This morning, radio station WNYC had a call-in to discuss whether the city had become divided into two halves- those who remember 9/11 and want to continue commemorating the day, and those who did not experience the events or feel uncomfortable memorializing the tragedy. My husband, who I usually refer to as Mr. GoMet, and I are a part of the half who not don't merely remember, but can never forget. In the moments that I, late to meet up for our date in front of the World Trade Center, watched the events unfold on TV, I was unsure of whether he escaped from his office in the World Financial Center building next door. As his co-workers and thousands more struggled to evacuate the area, firefighters worked there way onto the scene and, too often, to their own end. I had been seeing Mark for about nine months at that point, and, while my head was filling with worried questions about the names and faces I had come to know, I had no idea how many firefighters, police officers, and emergency workers were being taken from us. I didn't know that my father, a captain in the fire department, was safely riding a bus on a training assignment, which prevented he and his group from being sacrificed,too.
When it became clear who was spared and who was lost, it felt as if life was divided into halves- the more innocent before and whatever after would become. In the life we've made together since, we've been so fortunate to have time and opportunity for happiness- but always hold, in our hearts, the memories of what happened. Not only the horror, but the heroism. Not the morbidity of death but the love, humor, courage, achievements- the spirit of life people should be remember for.
When we see the spotlights that shine in tribute to the towers, as they will tonight, its still chilling and profoundly sad. When we hear families read the names, and there are so, so many, it reminds us of the people who can't choose how they feel about today, because their choice, or their loved ones, were taken in those moments. And when we see tourists at the site, posing and mugging for the camera without reverence for what that place is ( a grave.) we are angered by their ignorance and disrespect.
This is one of the most beautiful, vibrant, exciting cities in the world. We created this site because we want you to have the very best time here- and if you're making New York your new home, we hope to make that easier, too. Part of that, today, is letting you know that you may be on streets, and among people, who seem unaffected by the date- but you may also be standing beside someone who finds this day more tough than others. Our advice is to be aware, be more sensitive, and be kind. Here are some links to news and information about todays memorial events:
1010 WINS a.m. Radio:their site
About. Com lists various events, including commemorative concerts around the city and, at 6 p.m., through the New York Buddhist Church, a floating lantern ceremony at Pier 40 on thein rememberance of victims.
At Madison Square Garden, Jay-Z will be performing a benefit concert. Proceeds will go to the Police and Fire Widows and Children's Benefit Fund. Though tickets are sold out, you can do your part by learning more and making a donation here.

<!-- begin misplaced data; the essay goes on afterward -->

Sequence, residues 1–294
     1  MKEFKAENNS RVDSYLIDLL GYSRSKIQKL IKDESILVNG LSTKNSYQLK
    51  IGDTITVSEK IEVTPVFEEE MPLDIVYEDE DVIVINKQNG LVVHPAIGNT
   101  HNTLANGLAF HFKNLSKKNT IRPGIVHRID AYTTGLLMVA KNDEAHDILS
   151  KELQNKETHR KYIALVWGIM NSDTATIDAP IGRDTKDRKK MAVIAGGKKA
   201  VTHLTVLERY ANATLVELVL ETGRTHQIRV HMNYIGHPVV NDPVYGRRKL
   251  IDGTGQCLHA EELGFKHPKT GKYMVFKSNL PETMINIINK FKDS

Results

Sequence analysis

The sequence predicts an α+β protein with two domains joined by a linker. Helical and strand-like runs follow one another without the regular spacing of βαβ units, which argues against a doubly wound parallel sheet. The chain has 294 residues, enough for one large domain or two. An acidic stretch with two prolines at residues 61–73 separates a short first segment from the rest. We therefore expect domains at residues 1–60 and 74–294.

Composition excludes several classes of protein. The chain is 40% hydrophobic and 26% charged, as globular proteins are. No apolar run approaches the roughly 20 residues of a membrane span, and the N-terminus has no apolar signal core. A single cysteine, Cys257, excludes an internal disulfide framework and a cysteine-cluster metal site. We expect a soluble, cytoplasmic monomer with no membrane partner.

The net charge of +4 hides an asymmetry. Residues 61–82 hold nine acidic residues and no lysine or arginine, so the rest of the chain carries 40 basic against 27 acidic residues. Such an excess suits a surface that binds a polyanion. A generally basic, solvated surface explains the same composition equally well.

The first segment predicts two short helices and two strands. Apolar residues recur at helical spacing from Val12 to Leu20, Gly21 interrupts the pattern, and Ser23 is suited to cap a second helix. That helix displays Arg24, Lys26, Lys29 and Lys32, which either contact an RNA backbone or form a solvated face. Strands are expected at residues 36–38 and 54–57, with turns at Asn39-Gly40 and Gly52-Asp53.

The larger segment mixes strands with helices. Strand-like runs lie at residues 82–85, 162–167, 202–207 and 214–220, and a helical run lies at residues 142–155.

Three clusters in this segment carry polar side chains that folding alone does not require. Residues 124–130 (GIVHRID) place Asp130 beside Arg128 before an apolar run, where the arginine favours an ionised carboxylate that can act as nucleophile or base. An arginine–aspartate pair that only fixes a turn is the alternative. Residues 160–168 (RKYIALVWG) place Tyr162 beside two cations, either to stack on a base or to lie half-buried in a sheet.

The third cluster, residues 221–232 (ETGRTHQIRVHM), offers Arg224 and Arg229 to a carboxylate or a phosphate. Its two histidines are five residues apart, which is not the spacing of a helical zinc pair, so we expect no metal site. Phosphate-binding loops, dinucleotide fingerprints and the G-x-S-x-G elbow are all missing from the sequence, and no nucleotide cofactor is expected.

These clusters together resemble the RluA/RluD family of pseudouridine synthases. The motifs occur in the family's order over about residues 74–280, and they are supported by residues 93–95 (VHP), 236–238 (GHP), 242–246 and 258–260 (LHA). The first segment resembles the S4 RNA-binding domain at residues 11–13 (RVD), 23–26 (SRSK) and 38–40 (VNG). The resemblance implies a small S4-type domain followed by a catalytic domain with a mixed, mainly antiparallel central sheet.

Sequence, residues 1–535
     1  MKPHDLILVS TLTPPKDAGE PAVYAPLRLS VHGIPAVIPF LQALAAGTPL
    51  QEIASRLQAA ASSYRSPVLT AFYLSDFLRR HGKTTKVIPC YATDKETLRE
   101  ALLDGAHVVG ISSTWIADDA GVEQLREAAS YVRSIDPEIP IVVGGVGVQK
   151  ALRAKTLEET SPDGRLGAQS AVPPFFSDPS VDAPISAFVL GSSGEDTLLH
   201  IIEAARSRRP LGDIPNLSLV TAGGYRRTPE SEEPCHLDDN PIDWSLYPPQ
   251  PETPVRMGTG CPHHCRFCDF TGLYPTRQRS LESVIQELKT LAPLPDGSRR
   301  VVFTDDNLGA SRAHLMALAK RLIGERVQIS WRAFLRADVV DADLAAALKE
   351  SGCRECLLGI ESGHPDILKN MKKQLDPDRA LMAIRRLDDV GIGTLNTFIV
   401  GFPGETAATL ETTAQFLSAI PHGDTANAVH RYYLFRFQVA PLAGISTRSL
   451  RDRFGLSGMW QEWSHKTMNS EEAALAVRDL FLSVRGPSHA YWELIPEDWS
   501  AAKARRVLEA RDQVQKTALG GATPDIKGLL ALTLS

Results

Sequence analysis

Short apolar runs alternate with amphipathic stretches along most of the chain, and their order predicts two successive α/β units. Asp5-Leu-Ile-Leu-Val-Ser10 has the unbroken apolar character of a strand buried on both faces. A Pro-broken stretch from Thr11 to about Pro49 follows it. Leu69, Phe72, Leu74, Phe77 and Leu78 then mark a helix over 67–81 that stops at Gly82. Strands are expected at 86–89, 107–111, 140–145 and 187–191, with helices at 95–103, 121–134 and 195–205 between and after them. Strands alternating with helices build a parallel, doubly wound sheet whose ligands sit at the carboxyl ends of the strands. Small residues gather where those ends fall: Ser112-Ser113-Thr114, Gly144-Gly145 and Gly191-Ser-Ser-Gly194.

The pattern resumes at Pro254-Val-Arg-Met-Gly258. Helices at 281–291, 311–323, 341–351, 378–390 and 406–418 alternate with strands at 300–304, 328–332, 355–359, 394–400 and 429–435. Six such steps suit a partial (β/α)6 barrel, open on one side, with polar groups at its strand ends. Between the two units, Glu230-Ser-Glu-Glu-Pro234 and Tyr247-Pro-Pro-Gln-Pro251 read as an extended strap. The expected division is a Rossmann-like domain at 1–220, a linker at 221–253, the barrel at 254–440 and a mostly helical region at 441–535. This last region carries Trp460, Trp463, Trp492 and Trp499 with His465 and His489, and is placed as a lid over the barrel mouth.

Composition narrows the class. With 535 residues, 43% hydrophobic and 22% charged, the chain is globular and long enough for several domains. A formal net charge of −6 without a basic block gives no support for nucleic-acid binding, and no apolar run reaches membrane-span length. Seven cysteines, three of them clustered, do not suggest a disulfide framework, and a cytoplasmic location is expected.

When Prince Harry made his recent visit here, we mentioned the British Memorial Garden in Lower Manhattan, which was created to honor the 67 British subjects who died on September 11th. You can learn more about the garden, map it on our site and find your way there, here.
The Firefighter Steven Siller Tunnel To Towers Run/Walk has become an annual fundraising event and will be held this year on Sunday, Spetember 27th at 9:30 a.m. . This event retraces the steps of Siller, a Brooklyn Firefighter and father of five who, on 9/11, was off-duty and heading to a, but heard about the attack on his radio scanner. When he couldn’t drive through the roadblocks that had been hastily set up, he loaded himself with his gear and made his way, on foot, from the Brooklyn side of the Battery Tunnel toward the World Trade Center. And, as it reads in his biography on the website “He was last seen alive on West and Liberty Streets where he, more than likely, went looking for his Squad, all of whom perished.” The event is held each year, not only in his honor but to honor all of the people who selflessly gave of themselves, and gave their lives that day. Some of the participants run in full issued gear, which is an incredibly moving tribute. The event draws a diverse array of participants drawn to the spirit of helping, support, and remembrance like these two men, firefighters from Bristol, UK. Registration is still open, so, if you would like to participate, or just learn more to support the people taking part, find out more on their website.
Watching this morning's memorial at Ground Zero, I was so moved by the fact that they chose Carly Simon and her children to sing "Let The River Run" While it might seem to be a silly comedy to some, "Working Girl" is one of my most favourite films because Tess,'s background, ambitions, and journey inspired me and were eventually reflected in my own life. In fact, her experience was like that of so many New Yorkers living and working here- the feeling of being outside great success, the awe of what is beyond their reach, and the incredible determination to close that distance. Post 9/11, "Working Girl" is a love letter to the way the city was but its story and the song, with such a beautiful imagery and a call to fulfill our dreams, still ring true.